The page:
August 2013 – unacceptable risk – The Woods by Martin bolton

The Woods

by Martin Bolton

Joseph wandered through the woods, feeling the soft ground give slightly underfoot and breathing in the dank, earthy scent of decay rising from the leaf litter. He squinted as he felt the dappled sunlight flash cross his face. On he strode, past patches of bluebells and pungent honeysuckle. Occasionally he would hear some small creature stirring in the undergrowth as he passed. He would turn to catch a glimpse and, if he was lucky, spot a squirrel scampering up a tree trunk or a jay taking flight from a branch and disappearing into the foliage.

Joseph loved the woods. The place had been a source of fascination for him since his birth. He was the only son of Dr. Thomas Edgar Williams and loving wife Rose Carpenter. His father was an avid bird watcher and would take him on long walks in the woods and across the cliffs on their north side. His father’s love of nature extended to art too, and Joseph’s home was filled with watercolours of those picturesque north cliffs. Such was Dr. Williams’ love for art that he named his son after his favourite painter, JMW Turner, and christened him Joseph Mallord Williams.

When Joseph was seven, he was allowed to explore those woods alone. While nowadays many might consider it an unacceptable risk to allow a small child to roam a vast woodland and sheer cliffs alone, those were different times. So Joseph spent years as a child exploring the narrow paths through the undergrowth, the bright meadows with myriad wild flowers, marvelling at the variety of colours and smells. He spent hours each day seeking out the ancient twisted oaks, the dark hidden ponds and streams, the marshy clearings and strange moss-covered carvings on rotten stumps in dank forgotten corners of the wood. He found for himself secret places where he would hide away from the world and wonder what spirits must reside in the murky, concealed corners of Bellevue Woods.

When he was eighteen, Joseph went away to university to study medicine. In the years he was away, he saw Bellevue Woods in his dreams, and he would wander through them and onto the cliffs on the far side each night, and he often longed to be back there.

It was when Joseph returned home from university that he met Lilly. Lilly. That name seemed to give him a stifling sense of sorrow, but he couldn’t quite remember why. There was something there, just beyond the reach of his memory, something briefly unsettling.

He continued along the path. Great oak, beech, sycamore and birch rose either side of him. He forced a smile as he caught the scent of wild garlic in his nostrils, and steered his mind away from the malignant darkness that seemed to stir in the depths of his soul.

As he walked, the light seemed to retreat and the humid atmosphere began to cool. He knew that dusk was approaching and decided it was to find the south gate; the gate he had wandered through so many times to be embraced by the dimness beyond. Joseph’s stroll turned into a brisk march as the darkness closed in around him, and he felt relieved when he spotted the heavy iron gates in the gloom ahead.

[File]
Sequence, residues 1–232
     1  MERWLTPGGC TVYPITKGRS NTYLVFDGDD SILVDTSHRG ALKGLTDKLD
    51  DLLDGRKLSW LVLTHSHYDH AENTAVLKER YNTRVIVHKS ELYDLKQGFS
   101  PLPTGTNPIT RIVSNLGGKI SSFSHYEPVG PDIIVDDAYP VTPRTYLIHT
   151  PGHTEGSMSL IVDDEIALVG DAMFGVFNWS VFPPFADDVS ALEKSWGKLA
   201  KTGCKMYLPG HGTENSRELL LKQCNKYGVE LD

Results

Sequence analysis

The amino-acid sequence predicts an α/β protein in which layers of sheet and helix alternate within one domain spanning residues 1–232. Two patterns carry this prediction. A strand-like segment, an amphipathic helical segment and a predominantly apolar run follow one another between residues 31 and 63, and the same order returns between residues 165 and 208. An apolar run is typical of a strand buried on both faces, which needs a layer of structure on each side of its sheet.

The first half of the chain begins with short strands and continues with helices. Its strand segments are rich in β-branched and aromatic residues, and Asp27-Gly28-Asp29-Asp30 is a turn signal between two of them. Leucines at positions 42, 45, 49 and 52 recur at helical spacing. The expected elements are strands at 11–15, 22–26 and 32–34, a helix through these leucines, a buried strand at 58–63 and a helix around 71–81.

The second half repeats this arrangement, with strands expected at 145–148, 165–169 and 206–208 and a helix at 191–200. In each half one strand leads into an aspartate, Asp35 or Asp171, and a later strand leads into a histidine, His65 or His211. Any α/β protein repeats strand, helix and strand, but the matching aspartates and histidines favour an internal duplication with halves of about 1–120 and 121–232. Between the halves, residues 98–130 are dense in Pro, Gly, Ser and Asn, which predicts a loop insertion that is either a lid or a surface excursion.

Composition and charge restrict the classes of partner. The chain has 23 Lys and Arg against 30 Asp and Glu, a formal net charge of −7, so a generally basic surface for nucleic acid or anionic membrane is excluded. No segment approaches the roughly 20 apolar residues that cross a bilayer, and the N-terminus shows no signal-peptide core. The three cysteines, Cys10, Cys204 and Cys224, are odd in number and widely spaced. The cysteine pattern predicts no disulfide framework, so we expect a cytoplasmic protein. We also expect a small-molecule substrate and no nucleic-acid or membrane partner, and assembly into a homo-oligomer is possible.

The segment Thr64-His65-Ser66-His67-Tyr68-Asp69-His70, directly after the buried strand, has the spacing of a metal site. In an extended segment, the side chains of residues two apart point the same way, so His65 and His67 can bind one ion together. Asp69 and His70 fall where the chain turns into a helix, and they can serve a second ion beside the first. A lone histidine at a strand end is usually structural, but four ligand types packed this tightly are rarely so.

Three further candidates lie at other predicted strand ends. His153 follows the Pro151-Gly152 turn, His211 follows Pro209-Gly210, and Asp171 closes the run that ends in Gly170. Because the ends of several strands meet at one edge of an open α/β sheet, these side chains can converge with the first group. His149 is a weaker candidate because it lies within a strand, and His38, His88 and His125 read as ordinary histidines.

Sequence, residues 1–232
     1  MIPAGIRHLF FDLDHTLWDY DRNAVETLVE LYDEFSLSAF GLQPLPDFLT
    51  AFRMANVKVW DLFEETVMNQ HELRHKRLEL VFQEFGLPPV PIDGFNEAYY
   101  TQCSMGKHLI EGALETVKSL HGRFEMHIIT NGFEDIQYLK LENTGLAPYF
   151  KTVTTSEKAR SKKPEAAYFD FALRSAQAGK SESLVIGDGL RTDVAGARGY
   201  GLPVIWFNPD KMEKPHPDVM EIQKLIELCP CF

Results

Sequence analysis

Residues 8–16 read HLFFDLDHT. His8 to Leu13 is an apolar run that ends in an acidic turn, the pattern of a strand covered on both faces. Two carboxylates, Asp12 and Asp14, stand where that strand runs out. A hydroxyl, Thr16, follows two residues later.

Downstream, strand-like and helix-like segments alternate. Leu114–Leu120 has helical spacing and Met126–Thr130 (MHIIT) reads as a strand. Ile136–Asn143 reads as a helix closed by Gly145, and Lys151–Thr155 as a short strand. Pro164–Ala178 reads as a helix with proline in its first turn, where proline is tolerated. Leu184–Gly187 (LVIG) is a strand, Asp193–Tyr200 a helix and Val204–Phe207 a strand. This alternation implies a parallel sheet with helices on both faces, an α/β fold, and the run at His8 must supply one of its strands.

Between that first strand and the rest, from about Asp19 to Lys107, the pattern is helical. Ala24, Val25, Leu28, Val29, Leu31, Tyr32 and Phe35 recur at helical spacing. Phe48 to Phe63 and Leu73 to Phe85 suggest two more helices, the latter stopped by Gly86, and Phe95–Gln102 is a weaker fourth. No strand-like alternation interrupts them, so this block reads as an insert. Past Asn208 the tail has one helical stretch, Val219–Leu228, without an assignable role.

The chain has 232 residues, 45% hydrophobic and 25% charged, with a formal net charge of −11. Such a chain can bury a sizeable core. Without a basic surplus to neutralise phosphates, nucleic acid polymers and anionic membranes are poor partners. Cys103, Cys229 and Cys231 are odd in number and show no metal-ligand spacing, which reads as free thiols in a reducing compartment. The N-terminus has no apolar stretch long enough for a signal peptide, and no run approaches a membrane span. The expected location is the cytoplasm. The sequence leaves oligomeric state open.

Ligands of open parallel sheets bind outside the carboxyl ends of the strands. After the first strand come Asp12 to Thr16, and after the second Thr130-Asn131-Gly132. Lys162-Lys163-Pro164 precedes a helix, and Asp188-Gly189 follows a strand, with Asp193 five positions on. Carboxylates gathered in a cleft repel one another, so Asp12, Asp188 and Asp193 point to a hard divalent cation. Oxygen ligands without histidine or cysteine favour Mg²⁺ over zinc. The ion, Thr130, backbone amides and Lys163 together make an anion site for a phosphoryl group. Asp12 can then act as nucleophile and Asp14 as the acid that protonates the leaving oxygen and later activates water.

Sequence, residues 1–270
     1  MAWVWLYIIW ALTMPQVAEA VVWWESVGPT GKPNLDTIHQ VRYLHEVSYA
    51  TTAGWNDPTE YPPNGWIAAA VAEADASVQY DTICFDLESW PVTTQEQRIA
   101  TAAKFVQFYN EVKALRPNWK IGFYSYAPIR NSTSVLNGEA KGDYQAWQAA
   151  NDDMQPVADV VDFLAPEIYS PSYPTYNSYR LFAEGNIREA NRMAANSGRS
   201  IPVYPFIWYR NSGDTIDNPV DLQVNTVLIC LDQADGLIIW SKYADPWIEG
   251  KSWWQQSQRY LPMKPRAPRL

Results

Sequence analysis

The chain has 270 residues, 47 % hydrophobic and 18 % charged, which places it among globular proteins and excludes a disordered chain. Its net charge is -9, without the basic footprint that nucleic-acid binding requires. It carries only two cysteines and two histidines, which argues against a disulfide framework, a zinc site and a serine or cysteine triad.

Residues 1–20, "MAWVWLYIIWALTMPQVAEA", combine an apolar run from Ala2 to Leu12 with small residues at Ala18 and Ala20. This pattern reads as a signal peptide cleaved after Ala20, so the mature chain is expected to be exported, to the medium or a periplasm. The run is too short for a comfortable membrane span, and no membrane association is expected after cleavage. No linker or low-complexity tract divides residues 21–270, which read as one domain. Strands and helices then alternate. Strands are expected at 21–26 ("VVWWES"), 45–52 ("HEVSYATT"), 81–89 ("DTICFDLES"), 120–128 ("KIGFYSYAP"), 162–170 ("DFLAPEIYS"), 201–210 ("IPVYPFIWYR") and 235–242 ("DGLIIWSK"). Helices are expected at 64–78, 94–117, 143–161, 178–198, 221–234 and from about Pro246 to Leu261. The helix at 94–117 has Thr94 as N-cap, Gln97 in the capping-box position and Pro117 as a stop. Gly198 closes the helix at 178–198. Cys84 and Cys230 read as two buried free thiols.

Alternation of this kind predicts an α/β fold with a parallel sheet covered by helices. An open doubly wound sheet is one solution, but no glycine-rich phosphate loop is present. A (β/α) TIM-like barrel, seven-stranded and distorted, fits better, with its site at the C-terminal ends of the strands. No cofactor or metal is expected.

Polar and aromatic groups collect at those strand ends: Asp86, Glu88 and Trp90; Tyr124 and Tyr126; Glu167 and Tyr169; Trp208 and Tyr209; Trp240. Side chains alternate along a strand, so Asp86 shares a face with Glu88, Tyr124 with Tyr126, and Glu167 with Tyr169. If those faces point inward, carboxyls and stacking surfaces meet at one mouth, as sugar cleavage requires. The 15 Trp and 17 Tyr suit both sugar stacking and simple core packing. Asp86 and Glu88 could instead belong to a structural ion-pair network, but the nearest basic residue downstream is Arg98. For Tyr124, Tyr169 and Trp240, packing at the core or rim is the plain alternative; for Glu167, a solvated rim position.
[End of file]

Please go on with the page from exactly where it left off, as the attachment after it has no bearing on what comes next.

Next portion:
His heart sank when he found the ancient gates chained shut. He stared through the bars, too close together to squeeze through, at the darkening fields beyond.

The quickest way out was the North Cliffs. It would mean a long walk along the coast road but he knew he had to leave the woods before darkness fell completely. As he ran, the shadows seemed to watch him, the air seemed to thicken and he felt as though he was running though treacle.

Finally he saw the dark grey sky resting on the hard line of the sea. As he emerged from beneath the trees into the dim light of evening, he stopped and caught his breath. A shape loomed to his right. A church.

The sight of that ancient, overgrown churchyard seemed to cause some memory to flash before his eyes. Too fleeting to glimpse, it left a nagging melancholy which gnawed at his nerves, and he was drawn towards its black, broken gate. Something pulled Joseph towards the graveyard.

Feeling the silent torment inside him intensify, Joseph began reading each and every gravestone. It was hard to make out the weather-beaten letters in the wan light, and many he could not read at all. On he went, drawn to the far end of the graveyard, where the oldest headstones sat in darkness beneath the trees of Bellevue Woods.

As he approached those aged graves, the torment in his mind began to slowly form, and his eyes settled on one particular grave. Kneeling down, he pulled away the brambles that embraced the crumbling headstone and read the letters he knew were there.


1880 – 1905




Joseph’s tears came in floods as the memory showed itself. He turned to the darkness in Bellevue Woods. He knew what the battered letters on the next headstone said.


1878 – 1905




 Joseph was the darkness, and he knew he would never leave the woods.


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